I never got to see the original UFO in the early days but I did get to see the original lineup in the mid ’90s. I got to meet Michael and speak with him. I gave him a Blacksmith CD, which he left behind on the meet-and-greet table.

Van Halen — Van Halen
This record ripped my fucking head off! It came out my first year of learning to play guitar. Eddie Van Halen…holy shit; he had flash, balls, intensity, power, groove, and absolute guitar magic. This record twisted me in a different direction and pushed me to be a better player and think outside the box.

Van Halen was cool with killer tunes and sparkling production that just worked. Fun dripped off this record. Eddie, Alex, Dave and Mike were like a street gang with a new attitude and mission. I soaked it up like a sponge and never looked back. Eddie has always been at the top of my mountain. “I’m The One” is a favorite all-time crushing riff song. This record changed the world for me.

Thin Lizzy — Live and Dangerous
I guess I have a thing for double live albums from the late ’70s! Not only is Thin Lizzy one of my favorite bands but I just love the Live and Dangerous record. It is brilliant. I love this album from front to back, cover to liners. My favorite song on the disc — “Still In Love With You” — still brings tears to my eyes. Phil Lynott is a king, a genius, a bad ass, a rocker, a lover, a loner and a poet. I respect and worship the ground this man walked on.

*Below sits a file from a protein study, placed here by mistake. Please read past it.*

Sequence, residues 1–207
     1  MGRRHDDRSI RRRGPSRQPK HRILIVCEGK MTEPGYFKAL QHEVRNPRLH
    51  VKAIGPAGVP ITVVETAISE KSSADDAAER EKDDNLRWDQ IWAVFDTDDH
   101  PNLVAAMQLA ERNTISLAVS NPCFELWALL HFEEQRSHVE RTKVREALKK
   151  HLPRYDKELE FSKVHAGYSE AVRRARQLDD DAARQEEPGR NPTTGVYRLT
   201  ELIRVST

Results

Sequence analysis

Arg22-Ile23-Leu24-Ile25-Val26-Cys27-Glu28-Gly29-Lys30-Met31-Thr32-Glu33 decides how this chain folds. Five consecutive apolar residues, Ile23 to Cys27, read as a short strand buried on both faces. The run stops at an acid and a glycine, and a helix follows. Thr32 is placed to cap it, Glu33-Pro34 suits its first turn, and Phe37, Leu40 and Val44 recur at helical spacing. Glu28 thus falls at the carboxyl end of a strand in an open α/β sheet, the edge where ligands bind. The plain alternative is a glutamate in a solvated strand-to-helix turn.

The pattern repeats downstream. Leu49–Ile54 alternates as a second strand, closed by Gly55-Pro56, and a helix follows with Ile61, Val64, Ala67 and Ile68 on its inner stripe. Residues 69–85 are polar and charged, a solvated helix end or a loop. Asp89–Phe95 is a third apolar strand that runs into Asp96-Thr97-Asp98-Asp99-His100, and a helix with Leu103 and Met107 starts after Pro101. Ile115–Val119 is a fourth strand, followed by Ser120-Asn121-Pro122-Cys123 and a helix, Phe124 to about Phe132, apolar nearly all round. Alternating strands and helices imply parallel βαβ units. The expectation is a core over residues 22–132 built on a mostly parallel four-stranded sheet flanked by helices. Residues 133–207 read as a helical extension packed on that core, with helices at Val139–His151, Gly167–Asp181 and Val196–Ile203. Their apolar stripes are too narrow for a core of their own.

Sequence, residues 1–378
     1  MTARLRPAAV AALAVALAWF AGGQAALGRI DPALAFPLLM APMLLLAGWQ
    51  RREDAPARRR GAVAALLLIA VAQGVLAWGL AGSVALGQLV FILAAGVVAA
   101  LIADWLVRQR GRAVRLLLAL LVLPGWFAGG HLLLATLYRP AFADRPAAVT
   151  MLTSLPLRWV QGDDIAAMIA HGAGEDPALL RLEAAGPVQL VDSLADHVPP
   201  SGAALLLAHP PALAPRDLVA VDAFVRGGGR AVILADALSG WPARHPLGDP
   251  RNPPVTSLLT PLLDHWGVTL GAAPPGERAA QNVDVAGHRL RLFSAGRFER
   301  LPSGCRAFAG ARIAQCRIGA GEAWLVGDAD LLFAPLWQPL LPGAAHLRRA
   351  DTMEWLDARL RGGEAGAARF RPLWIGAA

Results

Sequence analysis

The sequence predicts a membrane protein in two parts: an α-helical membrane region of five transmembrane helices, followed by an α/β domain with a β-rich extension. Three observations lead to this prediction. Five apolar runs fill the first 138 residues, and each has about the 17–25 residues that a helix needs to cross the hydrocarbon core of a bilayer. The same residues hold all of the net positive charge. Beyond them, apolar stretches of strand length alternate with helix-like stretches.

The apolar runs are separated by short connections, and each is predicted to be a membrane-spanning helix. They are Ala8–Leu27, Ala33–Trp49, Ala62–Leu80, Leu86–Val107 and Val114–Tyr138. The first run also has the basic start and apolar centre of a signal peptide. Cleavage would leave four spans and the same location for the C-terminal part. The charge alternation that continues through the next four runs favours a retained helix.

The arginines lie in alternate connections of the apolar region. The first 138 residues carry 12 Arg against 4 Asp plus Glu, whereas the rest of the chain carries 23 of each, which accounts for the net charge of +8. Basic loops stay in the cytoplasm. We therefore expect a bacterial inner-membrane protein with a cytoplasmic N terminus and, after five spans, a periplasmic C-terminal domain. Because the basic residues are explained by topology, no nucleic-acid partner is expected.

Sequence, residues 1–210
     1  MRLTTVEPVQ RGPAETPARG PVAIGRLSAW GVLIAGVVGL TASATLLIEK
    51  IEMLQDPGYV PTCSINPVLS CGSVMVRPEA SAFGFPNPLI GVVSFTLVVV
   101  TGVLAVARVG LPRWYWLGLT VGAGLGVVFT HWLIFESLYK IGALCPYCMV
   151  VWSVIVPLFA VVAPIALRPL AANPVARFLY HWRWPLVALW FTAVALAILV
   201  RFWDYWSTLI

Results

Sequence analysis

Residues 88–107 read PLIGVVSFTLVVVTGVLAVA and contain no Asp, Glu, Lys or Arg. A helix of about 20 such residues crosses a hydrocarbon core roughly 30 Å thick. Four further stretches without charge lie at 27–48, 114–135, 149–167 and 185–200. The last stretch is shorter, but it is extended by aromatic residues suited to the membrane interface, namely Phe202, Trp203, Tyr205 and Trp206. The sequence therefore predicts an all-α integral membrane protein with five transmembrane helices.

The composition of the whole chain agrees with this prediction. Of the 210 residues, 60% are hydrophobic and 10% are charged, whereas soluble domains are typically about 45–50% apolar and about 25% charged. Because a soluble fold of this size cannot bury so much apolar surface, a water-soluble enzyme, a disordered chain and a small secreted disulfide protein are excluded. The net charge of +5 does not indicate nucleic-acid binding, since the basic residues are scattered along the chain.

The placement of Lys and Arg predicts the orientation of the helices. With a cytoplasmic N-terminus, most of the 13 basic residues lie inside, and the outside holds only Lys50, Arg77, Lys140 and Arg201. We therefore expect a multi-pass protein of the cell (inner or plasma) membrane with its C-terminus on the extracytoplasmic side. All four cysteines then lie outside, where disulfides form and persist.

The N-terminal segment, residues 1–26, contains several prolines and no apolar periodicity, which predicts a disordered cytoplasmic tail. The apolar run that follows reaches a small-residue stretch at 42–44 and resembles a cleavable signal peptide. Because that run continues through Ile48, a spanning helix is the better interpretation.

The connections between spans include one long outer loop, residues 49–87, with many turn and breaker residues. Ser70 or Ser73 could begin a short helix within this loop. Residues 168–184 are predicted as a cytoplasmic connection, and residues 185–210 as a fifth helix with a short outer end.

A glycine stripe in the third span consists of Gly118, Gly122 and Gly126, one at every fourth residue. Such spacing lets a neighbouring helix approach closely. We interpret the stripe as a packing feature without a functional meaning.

My favorite Lizzy line up is with Scott Gorham and Brian Robertson on twin guitars and Brian Downey on drums, of course. They say this album was not completely live, but I don’t give a shit — it’s epic. Tony Visconti’s production and a great flow of music from start to finish. You feel as if you’re in the front row. You feel Phil’s presence, warmth and intensity throughout. I learned a lot about lyrics, being honest and quality of songwriting and music from Thin Lizzy and this record.

While playing Germany this past summer with Blacksmith, I made it a point to make the pilgrimage to Ireland to visit and pay homage and respect to Phil’s statue on Grafton Street in downtown Dublin. As soon as the plane touched down in Dublin, Heaven and Hell Records owner Jeremy Golden and I bolted out to hail a cab and we were on our way. The few people we met in those couple of hours in Dublin thought it was so wonderful that we made a point to come and pay our respects to one of their favorite sons. Once we got to the statue we stood there in silence as the people passed by with their usual day. I’m sure they were use to seeing visitors.

Before we left I placed my guitar pick on the base at Phil’s feet and at the moment the sky opened up and rain started pouring down. It was kind of like a movie. It was great; Phil means a lot to me as he does to countless others, and to go there was the perfect ending to the trip.